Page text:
Here’s the positive view of inconsistency for a racing team: it means you had good moments in the prior season. Such was the case of Chip Ganassi Racing in 2017. Their drivers had a lot of positives to take away from the season that was, but both were disappointed with how it all ended.
Kyle Larson had his breakout season. With four victories, 15 top fives and 20 top tens, Larson looked all the part of a serious championship contender to Martin Truex Jr. He and teammate Jamie McMurray both made the playoffs, but in the case of Larson, his hopes went up in smoke with an engine failure at Kansas.
If you think about it, Larson has become a latter-day Tony Stewart for Chip Ganassi Racing. With Larson, you have a driver who cut his teeth on sprint cars and has established himself as a racer’s racer. Put this kid in a ride- any kind of ride- and he will find a way to win.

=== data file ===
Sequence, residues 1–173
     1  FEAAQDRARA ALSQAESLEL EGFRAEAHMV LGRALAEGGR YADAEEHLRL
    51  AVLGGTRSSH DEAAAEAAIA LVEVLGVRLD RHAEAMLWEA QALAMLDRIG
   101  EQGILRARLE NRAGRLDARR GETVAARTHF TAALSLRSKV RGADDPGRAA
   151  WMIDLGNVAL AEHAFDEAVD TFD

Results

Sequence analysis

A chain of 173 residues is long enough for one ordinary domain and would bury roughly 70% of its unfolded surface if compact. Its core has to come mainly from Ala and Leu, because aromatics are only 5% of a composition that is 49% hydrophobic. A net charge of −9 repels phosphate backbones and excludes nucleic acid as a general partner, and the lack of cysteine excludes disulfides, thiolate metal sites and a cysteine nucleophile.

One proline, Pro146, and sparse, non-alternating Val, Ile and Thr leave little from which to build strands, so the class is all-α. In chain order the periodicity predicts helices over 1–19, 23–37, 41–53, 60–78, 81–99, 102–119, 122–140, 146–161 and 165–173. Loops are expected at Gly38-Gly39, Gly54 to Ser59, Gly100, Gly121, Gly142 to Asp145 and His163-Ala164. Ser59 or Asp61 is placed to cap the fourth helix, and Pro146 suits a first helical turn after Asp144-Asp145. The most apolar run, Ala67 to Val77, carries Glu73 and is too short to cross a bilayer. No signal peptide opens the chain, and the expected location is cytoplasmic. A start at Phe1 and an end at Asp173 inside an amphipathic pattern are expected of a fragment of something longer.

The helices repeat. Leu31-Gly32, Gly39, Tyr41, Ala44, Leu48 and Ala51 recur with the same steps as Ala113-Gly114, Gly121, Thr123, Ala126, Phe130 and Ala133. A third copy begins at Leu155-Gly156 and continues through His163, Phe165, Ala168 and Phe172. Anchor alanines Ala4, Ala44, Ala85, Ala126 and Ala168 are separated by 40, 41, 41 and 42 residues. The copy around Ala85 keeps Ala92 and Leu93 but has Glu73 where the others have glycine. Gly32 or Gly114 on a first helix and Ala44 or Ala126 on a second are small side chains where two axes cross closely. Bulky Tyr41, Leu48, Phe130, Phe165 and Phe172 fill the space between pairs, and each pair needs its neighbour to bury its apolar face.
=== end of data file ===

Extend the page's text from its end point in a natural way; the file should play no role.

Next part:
Larson expresses excitement about the new Camaros, hopeful that his 42 team can break free of the dips and dodges that kept him true front-runner status. Though he’s looking for improvement, Larson has already given Chip Ganassi Racing its most relevant driver in recent memory.
Jamie McMurray is the embodiment of a journeyman. He may not win you a ton of races, but he will get your car near the front, and he has had a knack for winning the big races, such as the Daytona 500, Brickyard 400, and at Talladega. In one report, McMurray said he felt good about the 1 team’s performance on the intermediate tracks, but needed improvement on the super speedways and short tracks.
Chip Ganassi Racing has reason to be hopeful. Larson showed the way in recent testing at Las Vegas. In day and age when some your long-time teams are struggling to remain relevant, Kyle Larson and Jamie McMurray have succeeded putting the name Chip Ganassi back in the headlines.